PNO40 Online   content
Full Member

Registered: 03/03/11
Posts: 233
Loc: A North Atlantic Island former...
Originally Posted By: David Boyce
I'd think that cyclical changes in humidity, as commented on in relation to your other posts, would be a good candidate.


Regarding humidity fluctuations, I have two hygrometers, one of which records daily maxima and minima, and since I received the piano in July the all-time high recording (only once) was 71%RH and the absolute minimum (again only once) was 38%RH, the high being in early August and the low in late November. Daily fluctuations rarely vary by more than 3 or 4% in any 24 hour period, and the decline in RH from July-August has been steady: mid 60s in July and August, mid-50s in September and steady at the mid-40s through October, November and December. This seems to me a very modest and moderate fluctuation in RH (though I am open to correction on this) and safely within the 40-70% 'safety zone' displayed on the small analogue hygrometer provided by the rebuilder. So if this accounts for many of the problems, then either (as many of you have suggested) the rebuild quality is less than stellar, or this particular piano is extremely 'sensitive' [=delicate]. I suspect the former, though the rebuilder wants to blame the environment (predictably enough.) Either way, the proof of the pudding will be when piano no.2 arrives and copes (or doesn't) when in the same environment.

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#2009356 - 01/05/13 09:30 AM Re: Tuning Instability [Re: PNO40]
Jerry Groot RPT Offline
6000 Post Club Member

Registered: 11/07/07
Posts: 6828
Loc: Grand Rapids Michigan
Whether piano owners wish to admit it or not, many do not, is not relevant what piano owners wish for.. The fact is, that pianos DO and WILL change relatively quickly and very easily from humidity changes. Especially when they have been rebuilt or are new.

A change from 70 % in August to 38 % in November is a large change. It is 50 % less of what it was in July. Of course, the piano will be flat and out of tune with itself because of this. And yes, hammer flanges can come loose.

Of course, it is a gradual change. That is pretty typical. Here in Michigan, in August it can easily be 70% RH. In September, it will be in the 60 % range, continuing down as the cooler weather continues.

A piano is made primarily out of wood. I read once years ago, that during the average summer in Michigan, the wooden frame of a door in our home will swell by 1/4". During the winter time, that same door, shrinks by that much AFTER it looses the 1/4" that it gained by swelling in the summer. It is no wonder that our drawers, doors and windows will sometimes stick.

Just because they are painted doesn't mean they are no longer capable of absorbing humidity.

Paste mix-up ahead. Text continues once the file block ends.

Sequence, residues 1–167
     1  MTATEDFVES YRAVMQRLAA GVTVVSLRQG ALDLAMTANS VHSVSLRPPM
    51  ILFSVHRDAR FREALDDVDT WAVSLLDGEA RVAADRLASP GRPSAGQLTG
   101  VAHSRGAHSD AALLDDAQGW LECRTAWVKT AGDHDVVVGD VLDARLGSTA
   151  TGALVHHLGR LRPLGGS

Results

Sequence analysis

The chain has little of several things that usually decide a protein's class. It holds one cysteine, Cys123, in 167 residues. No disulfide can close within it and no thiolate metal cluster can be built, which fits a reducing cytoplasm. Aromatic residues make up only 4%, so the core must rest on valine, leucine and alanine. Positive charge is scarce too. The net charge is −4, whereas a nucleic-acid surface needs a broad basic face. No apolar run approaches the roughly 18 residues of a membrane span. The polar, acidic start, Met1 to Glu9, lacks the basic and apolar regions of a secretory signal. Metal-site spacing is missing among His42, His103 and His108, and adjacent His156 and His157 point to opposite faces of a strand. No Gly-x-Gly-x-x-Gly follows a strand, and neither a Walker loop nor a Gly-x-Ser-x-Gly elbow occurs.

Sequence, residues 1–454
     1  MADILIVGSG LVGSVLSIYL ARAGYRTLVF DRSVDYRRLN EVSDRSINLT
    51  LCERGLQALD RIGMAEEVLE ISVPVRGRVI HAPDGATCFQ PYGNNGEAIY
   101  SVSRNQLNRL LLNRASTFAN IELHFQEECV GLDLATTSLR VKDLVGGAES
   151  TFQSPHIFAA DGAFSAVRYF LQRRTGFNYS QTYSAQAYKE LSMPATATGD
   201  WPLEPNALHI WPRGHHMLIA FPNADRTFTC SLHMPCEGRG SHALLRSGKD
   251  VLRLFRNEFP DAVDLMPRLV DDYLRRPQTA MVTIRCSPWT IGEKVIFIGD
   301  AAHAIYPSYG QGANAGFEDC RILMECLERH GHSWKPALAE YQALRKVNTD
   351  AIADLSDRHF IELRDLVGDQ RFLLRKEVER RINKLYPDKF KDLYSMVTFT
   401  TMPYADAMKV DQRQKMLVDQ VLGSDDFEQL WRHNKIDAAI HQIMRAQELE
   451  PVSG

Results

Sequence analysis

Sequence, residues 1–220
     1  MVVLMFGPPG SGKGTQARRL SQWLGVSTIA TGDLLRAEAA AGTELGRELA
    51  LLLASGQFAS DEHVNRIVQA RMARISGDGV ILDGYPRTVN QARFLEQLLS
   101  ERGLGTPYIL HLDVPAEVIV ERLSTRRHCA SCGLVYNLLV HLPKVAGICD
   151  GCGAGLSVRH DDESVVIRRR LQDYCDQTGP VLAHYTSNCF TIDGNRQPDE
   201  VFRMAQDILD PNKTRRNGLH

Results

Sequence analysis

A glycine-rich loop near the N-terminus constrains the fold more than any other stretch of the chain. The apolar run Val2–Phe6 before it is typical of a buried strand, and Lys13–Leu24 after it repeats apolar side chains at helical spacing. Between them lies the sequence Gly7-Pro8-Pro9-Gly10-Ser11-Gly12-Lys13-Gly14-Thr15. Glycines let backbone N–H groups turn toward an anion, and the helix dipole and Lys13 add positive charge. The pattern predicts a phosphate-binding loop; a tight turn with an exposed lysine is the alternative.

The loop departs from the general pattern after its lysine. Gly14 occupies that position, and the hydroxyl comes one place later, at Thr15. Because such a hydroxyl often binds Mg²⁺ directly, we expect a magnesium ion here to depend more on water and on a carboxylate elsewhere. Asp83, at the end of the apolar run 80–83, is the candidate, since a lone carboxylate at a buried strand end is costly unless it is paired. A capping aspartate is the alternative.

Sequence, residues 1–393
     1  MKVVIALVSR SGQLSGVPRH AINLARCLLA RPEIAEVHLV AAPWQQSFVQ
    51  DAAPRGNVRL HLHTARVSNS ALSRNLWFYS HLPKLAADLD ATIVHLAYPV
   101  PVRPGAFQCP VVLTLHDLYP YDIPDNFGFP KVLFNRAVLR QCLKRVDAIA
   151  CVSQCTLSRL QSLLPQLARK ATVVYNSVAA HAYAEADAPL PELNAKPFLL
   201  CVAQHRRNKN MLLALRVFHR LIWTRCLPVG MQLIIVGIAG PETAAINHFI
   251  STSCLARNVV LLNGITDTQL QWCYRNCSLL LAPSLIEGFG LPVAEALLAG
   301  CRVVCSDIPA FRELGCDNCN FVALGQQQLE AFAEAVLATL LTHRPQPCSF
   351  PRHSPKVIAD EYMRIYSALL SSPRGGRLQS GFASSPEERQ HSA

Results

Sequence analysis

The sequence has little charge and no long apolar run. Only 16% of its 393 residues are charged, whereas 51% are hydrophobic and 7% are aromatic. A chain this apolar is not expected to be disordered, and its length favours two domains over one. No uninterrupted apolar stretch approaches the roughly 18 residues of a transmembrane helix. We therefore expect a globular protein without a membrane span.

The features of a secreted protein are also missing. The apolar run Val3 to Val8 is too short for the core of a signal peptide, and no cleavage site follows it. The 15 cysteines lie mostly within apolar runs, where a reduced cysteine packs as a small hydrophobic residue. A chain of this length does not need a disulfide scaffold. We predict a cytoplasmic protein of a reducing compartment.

As a piano owner, if you want your piano to maintain its best, it is your responsibiltiy to do whatever you can to maintain a fairly constant relative humidity (RH) where there piano is located. By that, I don't mean between 70 % and 35 %. I mean, between 40 % and 50 %.

All technicians receive complaints constantly that my piano was just tuned but now it's out of tune. In looking up our records, we see that it's been 4, 5 or 6 months since its last tuning when the RH was double or triple of what it is now. The biggest argument I get from my clients is "well, that shouldn't happen!" Why not? "I don't know, but, it JUST SEEMS like it should stay in tune longer." It is a lack of understanding about what actually takes place with the wooden parts and the causes of why a piano goes out of tune and why piano manufacturers recommend tuning your piano between 2 and 4 times every single year as a minimum because they all know that the piano will indeed go out of tune often under these ever changing humidity circumstances.
_________________________
Jerry Groot RPT
Piano Technicians Guild
Grand Rapids, Michigan
www.grootpiano.com

We love to play BF2.

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#2009401 - 01/05/13 11:30 AM Re: Tuning Instability [Re: PNO40]
David Jenson Offline
2000 Post Club Member

Registered: 10/22/06
Posts: 2137
Loc: Maine
As an addendum to Jerry's post, there is another little unpleasantry associated with relative humidity. I've noticed that the effectiveness of the popular in-piano humidity control system varies according to locality and even from house to house in the same general location. The results are uneven enough that I only suggest them now if the customer seems to understand that they are not a panacea, but only a help.